cantdrive85
1.3 / 5 (9) Feb 03, 2018
It's not that you people just haven't got around to it yet, it's that you have no interest in actually testing it.

Another in a long line of patently false lies, but this is expected from religious types protecting their belief system.
First and foremost, Plasma Cosmology and the Electric Universe concepts are fundamentally and primarily based upon known electrical engineering concepts and laboratory experiments going way back to Maxwell, Birkeland, and Langmuir. These concepts have been laboratory tested since the beginning in direct opposition with the "thought experiments" of Eisteinism.
And to ultimately show your claims are in fact utter lies, one only needs to point to the Safire Project in which the electric sun and electric comet (among other concepts) hypotheses are being tested as we discuss.
http://www.safireproject.com
cantdrive85
1 / 5 (7) Feb 03, 2018
More evidence which shows gimp to be an utter liar.

https://www.resea...nd_Earth
IMP-9
5 / 5 (9) Feb 03, 2018
one only needs to point to the Safire Project


If Safire is really testing the electric sun then what results specifically will rule out the electric sun hypothesis? This is not mentioned on the website. Not all experiments are testing models. You're only really testing a model if there are objective predictions from that model, and therefore you can define what deviations from that model would look like.
Hyperfuzzy
1 / 5 (1) Feb 03, 2018
Nice pics, but all this is the product of the wrinkles in Field's of an infinite set of diametrical fields, nothing more.

There's even more up close, where time an space are constrained.

As we continue to ignore the obvious.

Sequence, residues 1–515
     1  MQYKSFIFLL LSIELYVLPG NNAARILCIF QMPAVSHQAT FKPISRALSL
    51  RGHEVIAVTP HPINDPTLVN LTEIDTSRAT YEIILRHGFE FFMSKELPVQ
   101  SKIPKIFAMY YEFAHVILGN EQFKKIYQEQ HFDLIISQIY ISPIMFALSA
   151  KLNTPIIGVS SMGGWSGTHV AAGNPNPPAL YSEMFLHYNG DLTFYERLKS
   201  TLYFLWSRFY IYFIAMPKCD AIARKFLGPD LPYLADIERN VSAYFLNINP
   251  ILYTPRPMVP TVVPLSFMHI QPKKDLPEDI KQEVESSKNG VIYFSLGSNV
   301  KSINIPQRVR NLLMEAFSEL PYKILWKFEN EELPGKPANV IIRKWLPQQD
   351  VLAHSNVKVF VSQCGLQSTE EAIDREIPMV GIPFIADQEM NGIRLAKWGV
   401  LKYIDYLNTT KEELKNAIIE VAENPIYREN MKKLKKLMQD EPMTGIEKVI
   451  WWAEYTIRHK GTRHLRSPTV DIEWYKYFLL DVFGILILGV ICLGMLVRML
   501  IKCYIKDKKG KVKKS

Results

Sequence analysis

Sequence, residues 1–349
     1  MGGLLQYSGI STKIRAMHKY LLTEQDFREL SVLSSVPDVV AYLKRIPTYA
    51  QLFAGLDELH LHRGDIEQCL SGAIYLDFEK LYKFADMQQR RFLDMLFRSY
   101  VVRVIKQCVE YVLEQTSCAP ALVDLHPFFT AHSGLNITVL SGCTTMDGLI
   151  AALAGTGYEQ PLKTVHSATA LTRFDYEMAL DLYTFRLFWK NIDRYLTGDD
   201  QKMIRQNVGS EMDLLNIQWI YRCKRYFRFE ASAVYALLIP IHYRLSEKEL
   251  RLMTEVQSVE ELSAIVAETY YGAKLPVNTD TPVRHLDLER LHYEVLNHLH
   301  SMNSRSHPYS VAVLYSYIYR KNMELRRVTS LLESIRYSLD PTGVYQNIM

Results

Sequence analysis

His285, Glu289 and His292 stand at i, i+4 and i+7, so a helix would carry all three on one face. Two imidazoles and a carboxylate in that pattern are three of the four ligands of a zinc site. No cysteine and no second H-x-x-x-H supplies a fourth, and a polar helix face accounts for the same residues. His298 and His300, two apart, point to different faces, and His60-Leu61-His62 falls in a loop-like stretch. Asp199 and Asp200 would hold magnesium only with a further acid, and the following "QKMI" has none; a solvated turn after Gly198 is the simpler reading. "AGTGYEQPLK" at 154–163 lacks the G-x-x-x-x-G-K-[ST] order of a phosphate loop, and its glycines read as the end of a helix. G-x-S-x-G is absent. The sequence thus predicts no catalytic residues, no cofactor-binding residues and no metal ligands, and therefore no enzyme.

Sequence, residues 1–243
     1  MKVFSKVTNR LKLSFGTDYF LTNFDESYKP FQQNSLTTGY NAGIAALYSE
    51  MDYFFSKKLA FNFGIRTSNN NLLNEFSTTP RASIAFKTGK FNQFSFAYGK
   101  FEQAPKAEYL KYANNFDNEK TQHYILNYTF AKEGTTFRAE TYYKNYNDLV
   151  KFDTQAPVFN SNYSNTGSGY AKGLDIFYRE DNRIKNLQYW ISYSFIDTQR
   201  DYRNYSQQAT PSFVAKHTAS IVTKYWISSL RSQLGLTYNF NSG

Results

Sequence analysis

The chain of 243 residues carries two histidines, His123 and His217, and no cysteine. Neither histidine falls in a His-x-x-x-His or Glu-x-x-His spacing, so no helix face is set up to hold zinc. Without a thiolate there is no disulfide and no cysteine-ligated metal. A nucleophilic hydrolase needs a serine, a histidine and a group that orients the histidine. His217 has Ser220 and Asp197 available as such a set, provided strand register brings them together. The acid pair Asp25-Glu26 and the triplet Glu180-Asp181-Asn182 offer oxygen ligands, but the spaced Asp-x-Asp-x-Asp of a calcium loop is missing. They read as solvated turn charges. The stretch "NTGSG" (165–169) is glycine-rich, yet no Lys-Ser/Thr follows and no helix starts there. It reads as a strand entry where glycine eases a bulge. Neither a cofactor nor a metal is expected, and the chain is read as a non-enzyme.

jonesdave
5 / 5 (5) Feb 04, 2018
More evidence which shows gimp to be an utter liar.

https://www.resea...nd_Earth


Non-peer reviewed bobbins.
jonesdave
5 / 5 (4) Feb 04, 2018
......Safire Project in which the electric sun and electric comet (among other concepts) hypotheses are being tested as we discuss.


I'll do you all a favour, and maybe save you some money; don't bother, both of those concepts have already been shown to be nonsense, and are thoroughly ruled out at very high confidence levels.

jonesdave
5 / 5 (4) Feb 04, 2018
If Safire is really testing the electric sun then what results specifically will rule out the electric sun hypothesis?


The fact that they have to plug it into the mains ought to be one :)

mackita
1.7 / 5 (3) Feb 04, 2018
Some features these LCDM models are still missing, because they illustrate only tiny portion of Universe. According to these accretion based model the appearance of Universe should change with distance - which is not what we observe. We observe way too many mature galaxies (these with many heavy elements in their spectra) even in most distant areas of Universe. They also don't describe well the dark matter features (filaments in particular) which have different origin than Jeans instability. And these models also fail in description of features of galaxies based on merging and accretion. Too bad is, these models are opposed only by Plasma Universe supporters, which are equally bigot and biased like the mainstream.
cantdrive85
1 / 5 (5) Feb 04, 2018
The fact that they have to plug it into the mains ought to be one :)

Birkeland had to plug in his Terella, and he was correct with his auroral model. How could that be?

which are equally bigot and biased like the mainstream.

You're right Zephir, we hold pseudoscientist Laviolette in a similar regard to the other great pseudoscientists such as Eddington and Einstein.
savvys84
not rated yet Feb 05, 2018
' sudden evolutionary shift ' how absurd.
Nothing is sudden in this universe including the big bang
Hyperfuzzy
not rated yet Feb 05, 2018
Nice pics, but all this is the product of the wrinkles in Field's of an infinite set of diametrical fields, nothing more.

There's even more up close, where time an space are constrained.

Didn't this explain everything? I think so, find a flaw!
mackita
not rated yet Feb 22, 2018
The results of the computer simulations are problem-ridden, and have been since the very first ones. The clumping matter, it turns out, creates too many small "dwarf" galaxies. Also, the distribution of dark matter inside the galaxies is too peaked towards the middle, a trouble known as the "cusp problem." The simulations also leave some observations unexplained, such as an empirically well-established relation between the brightness of a galaxy and the velocity of its outermost stars, known as the Tully-Fisher-relation.